The Slow Cycling article made some valid points. Some of the comments which I hear from non-cycling friends : cycling is only for fitness fanatics/it's a specialist activity for which you need to get dressed up/it's sweaty, so you can't possibly use it as normal transport in your daily life.
Anyway, I shall continue to ride around in my grey flannel trousers tucked into my socks trying to make cycling appear normal :?

glueman
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Joined: 16 Mar 2007, 1:22pm

Re: Slow Cycling

Postby glueman » 27 May 2009, 10:32am

Perhaps a better indicator of Slow Cycling than wicker baskets and skirt guards is something I saw the other day, a chap pootling on a full carbon Boardman, trousers tucked in socks and a normal jacket who I'd put money on having bought via the Ride to Work scheme. Some will say what a waste, I say coool!

Fabini
Posts: 21
Joined: 15 Apr 2009, 6:12pm

Re: Slow Cycling

Postby Fabini » 27 May 2009, 11:55am

My experience of Slow Cycling is that it involves a completely different mindset: my Dutch bike is not a means of getting fit or a way of pitting myself against a tricky descent on a trail. It is an alternative to getting in the car or walking somewhere

The most important thing is that I go out of the door, get on it and ride, and I arrive as calm and cool as if I had strolled to my destination rather than having run there. When I get there, I can take the key out of the bike and leave it, locked.

There’s no need to change into different clothing or even tuck my trousers into my socks. The upright riding position and my slower speed means I have enough time to say “Good Morning” to passers-by and I can look around me, rather than having to concentrate on the twenty metres of road in front of me.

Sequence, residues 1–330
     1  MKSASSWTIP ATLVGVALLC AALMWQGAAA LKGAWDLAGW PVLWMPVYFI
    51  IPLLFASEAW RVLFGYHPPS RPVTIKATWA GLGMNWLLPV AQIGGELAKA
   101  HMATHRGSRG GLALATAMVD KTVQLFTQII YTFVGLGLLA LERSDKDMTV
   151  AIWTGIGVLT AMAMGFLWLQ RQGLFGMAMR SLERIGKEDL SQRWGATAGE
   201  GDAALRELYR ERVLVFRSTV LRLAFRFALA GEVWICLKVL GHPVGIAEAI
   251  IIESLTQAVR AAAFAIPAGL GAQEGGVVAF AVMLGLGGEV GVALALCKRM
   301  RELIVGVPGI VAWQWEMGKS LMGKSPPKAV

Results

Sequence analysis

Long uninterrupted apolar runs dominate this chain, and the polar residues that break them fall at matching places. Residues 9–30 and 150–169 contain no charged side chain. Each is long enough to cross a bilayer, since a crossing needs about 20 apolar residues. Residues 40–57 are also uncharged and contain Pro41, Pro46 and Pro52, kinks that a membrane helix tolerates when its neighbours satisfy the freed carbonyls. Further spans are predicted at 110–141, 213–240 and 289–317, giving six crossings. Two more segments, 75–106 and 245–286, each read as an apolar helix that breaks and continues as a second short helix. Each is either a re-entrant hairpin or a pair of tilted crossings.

glueman
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Joined: 16 Mar 2007, 1:22pm

Re: Slow Cycling

Postby glueman » 27 May 2009, 12:19pm

To anyone under retirement age cycling is a reaction to car culture and riders define themselves in comparison to what a car can do. An older generation saw cycling as distinct to walking, or perhaps catching a bus, a liberating experience. If you try illustrate a different standard of measurement now many riders are affronted because it challenges their self-image and the skills and fitness they've taken time to acquire.
In the end that thrusting approach to cycling will always have a limited appeal to the population as a whole.

glueman
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Joined: 16 Mar 2007, 1:22pm